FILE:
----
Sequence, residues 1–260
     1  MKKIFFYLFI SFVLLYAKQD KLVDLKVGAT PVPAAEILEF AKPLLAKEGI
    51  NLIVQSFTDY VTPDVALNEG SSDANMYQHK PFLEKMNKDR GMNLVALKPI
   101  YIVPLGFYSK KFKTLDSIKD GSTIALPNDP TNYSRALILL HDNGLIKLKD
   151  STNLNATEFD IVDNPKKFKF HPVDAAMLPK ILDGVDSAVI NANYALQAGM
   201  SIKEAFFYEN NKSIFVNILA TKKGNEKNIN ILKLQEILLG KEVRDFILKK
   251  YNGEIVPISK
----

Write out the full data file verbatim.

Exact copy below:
Sequence, residues 1–260
     1  MKKIFFYLFI SFVLLYAKQD KLVDLKVGAT PVPAAEILEF AKPLLAKEGI
    51  NLIVQSFTDY VTPDVALNEG SSDANMYQHK PFLEKMNKDR GMNLVALKPI
   101  YIVPLGFYSK KFKTLDSIKD GSTIALPNDP TNYSRALILL HDNGLIKLKD
   151  STNLNATEFD IVDNPKKFKF HPVDAAMLPK ILDGVDSAVI NANYALQAGM
   201  SIKEAFFYEN NKSIFVNILA TKKGNEKNIN ILKLQEILLG KEVRDFILKK
   251  YNGEIVPISK